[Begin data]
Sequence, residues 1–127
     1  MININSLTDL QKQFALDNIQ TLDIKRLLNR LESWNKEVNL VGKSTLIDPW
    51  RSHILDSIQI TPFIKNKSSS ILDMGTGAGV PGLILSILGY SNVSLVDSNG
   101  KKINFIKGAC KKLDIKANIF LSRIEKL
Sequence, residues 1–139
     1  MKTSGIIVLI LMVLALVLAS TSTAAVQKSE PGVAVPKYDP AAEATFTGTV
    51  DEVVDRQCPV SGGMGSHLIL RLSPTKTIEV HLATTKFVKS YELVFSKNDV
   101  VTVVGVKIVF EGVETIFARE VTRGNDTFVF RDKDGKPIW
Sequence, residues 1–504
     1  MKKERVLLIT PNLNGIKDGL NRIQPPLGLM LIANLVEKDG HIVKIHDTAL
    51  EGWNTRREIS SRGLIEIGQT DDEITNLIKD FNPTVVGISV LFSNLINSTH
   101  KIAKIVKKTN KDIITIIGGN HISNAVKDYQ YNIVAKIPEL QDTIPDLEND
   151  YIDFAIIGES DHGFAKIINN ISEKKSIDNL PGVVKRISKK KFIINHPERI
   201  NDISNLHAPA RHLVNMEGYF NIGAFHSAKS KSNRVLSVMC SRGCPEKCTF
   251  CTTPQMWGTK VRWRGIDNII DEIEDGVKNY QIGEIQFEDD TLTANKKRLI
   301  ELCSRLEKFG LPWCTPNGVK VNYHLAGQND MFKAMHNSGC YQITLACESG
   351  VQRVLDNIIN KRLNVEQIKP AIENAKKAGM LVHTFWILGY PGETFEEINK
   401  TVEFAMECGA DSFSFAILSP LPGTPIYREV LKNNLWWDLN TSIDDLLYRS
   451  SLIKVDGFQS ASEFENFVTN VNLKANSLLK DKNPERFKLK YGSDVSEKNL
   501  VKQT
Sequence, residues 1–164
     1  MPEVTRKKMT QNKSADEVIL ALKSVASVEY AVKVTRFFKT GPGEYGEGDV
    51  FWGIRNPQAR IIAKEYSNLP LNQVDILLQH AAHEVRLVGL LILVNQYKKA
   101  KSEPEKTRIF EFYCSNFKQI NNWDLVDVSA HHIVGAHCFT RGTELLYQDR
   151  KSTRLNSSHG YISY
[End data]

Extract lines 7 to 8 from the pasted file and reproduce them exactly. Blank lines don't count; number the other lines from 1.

    51  DEVVDRQCPV SGGMGSHLIL RLSPTKTIEV HLATTKFVKS YELVFSKNDV
   101  VTVVGVKIVF EGVETIFARE VTRGNDTFVF RDKDGKPIW